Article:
KWSO News 7/17/19

Residents of Warm Springs are reminded to conserve water use with reservoir levels low or out.   The Branch of Public Utilities reported readings from Monday – showing no water in the West Hills tank – only 3 feet in the Greeley Heights tanks and 13 feet in the South East tank.

The Tewee Butte tank feeds the South East Tank which then in turn feeds Greeley Heights and West Hills.  Clearly the Warm Springs Agency water distribution system remains unstable.

Residents and businesses are urged to continue conservation efforts so that your neighborhood will have continued access to water. Refrain from watering lawns or washing cars and take steps to ensure that all outdoor faucets at your residence are shut off.

The engineering assessment of pressure reducing valves in 7 stations within the system has been completed and procurement of materials needed to conduct critical repairs is underway. The construction timeline is subject to the availability of materials – all efforts are being done to expedite this process.

For the foreseeable future – low water pressure is expected throughout the system for all residences and businesses south of Highway 26.  Water outages are occurring in the West Hills neighborhood.  Water levels in the Greeley Heights reservoir are critically low and will result in water outages if immediate steps are not taken to conserve water.

The boil water notice remains in effect until further notice for the entirety of the Warm Springs Agency area including Kah-nee-ta, Wolfe Point, Sunnyside, Upper Dry Creek, Miller Heights, Campus area, West Hills, Tenino Valley, Tenino Apartments, Elliott Heights, Senior Housing, Trailer Courts, and Greeley Heights.

Drinking Water Distribution is weekdays 7:30am – 6pm at the old Warm Springs Elementary School.  Showers are open, at the same location, 6am – 9pm.

The Oregon legislature has approved $7.8 million in funding to the Confederated Tribes of Warm Springs for three key water projects on the reservation. With Gov. Brown’s signature the bill becomes law. The $7.8 million is part of 2019 House Bill 5030, a so-called ‘Christmas tree’ bill, allocating millions for many projects across the state. The revenue comes from the Oregon Lottery. The state plans to issue the Lottery bonds for the HB5030 projects in 2021. The funding would be available sometime after the bond issuance. Read more about it in today’s Spilyay Tymoo.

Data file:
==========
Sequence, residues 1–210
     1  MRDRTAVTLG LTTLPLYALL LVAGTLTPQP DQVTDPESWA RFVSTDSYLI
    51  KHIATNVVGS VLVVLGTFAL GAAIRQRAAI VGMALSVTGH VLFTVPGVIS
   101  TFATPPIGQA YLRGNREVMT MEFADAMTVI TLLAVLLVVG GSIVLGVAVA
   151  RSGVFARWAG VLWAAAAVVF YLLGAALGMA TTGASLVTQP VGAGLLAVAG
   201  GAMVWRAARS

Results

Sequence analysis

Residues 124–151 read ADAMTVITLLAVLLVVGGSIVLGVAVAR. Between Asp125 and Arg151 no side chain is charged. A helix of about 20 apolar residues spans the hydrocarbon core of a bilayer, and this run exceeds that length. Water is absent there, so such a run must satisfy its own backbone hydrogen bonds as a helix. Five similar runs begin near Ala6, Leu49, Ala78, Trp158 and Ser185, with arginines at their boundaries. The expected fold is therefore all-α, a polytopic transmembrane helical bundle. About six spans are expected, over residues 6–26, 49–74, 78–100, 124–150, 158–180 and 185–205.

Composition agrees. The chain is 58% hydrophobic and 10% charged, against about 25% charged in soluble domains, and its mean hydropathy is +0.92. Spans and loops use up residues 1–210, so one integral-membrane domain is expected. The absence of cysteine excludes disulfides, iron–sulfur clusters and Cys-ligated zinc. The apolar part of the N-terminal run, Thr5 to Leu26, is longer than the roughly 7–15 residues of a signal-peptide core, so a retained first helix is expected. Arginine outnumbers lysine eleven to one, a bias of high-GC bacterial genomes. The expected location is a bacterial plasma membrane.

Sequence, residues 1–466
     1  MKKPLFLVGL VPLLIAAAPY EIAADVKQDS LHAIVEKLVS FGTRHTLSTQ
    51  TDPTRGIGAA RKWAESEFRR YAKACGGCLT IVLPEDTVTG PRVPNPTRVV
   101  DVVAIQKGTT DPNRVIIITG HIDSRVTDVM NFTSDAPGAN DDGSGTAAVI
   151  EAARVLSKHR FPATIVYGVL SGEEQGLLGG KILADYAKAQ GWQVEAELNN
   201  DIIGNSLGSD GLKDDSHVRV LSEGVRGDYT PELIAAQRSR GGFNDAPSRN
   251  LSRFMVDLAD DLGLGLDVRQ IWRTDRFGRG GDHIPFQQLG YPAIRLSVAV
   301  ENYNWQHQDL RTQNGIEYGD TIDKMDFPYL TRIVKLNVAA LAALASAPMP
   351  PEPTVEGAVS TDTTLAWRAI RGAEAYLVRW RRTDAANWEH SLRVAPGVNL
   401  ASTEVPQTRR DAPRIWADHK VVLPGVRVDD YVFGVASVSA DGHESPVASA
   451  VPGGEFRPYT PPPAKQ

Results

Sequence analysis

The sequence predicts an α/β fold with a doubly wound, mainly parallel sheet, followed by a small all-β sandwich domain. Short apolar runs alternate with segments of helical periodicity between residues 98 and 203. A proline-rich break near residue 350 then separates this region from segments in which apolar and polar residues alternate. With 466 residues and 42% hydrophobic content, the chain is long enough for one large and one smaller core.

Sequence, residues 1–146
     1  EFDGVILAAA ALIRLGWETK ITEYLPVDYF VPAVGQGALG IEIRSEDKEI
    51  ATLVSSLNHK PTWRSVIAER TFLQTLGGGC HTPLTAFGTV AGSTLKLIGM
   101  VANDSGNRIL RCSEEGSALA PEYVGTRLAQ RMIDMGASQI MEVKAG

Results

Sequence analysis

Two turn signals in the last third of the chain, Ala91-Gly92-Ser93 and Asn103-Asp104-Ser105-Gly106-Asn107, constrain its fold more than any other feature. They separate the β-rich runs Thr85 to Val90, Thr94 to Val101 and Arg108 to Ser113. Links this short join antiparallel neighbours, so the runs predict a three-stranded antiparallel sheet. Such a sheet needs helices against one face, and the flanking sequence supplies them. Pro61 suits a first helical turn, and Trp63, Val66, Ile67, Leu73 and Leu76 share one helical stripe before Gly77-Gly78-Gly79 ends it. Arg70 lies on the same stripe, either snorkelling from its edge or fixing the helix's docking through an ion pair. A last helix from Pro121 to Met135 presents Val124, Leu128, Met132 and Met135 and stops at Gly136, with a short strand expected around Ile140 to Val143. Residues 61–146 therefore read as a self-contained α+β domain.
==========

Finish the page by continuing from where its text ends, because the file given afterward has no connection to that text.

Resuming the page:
The Twenty-Eighth Tribal Committees of the Confederated Tribes took office on Monday. Here are the new committee members: ·

  • Culture and Heritage Committee: Myra Johnson-Orange and Rosie Tom. Radine Johnson and Lepha Smith. Lorraine Suppah and Carlos Calica.
  • Education Committee: Ardis Clark, Taw Foltz, and Deanie Smith.
  • Off Reservation Fish and Wildlife Committee: Bruce Jim Sr., Emerson Squiemphen and Ryan Smith Sr.
  • On Reservation Fish and Wildlife Committee: Ron Suppah Sr., Raphael Queahpama and Stanley Simtustus Sr.
  • Health and Welfare Committee: Janice Clements, Catherine Katchia and Eugene Austin Greene Jr.
  • Land Use Planning Committee: Evaline Patt, Lyle Katchia and Jonathan W. Smith.
  • Range, Irrigation and Agriculture Committee: Delford Johnson, Flint Scott and Terry Squiemphen.
  • Timber Committee: Luther Clements, Anthony Holliday Sr. and Levi VanPelt.

Start Making A Reader Today—SMART—is relaunching in Warm Springs this fall, and is now looking for volunteer readers. SMART is a statewide non-profit children’s literacy organization pairing volunteers with kids ages pre-k through third-grades for one-on- one reading time and books to keep. The SMART model is research based, and is about making reading fun and enjoyable for kids. The kids receive at least 14 books to keep throughout the year. Volunteer Readers will read for two 30-minute sessions one day each week. If you would like to volunteer, or would like more information, talk with Pinky Beamer, Warm Springs SMART ambassador. Or talk with Katie at the Warm Springs Academy.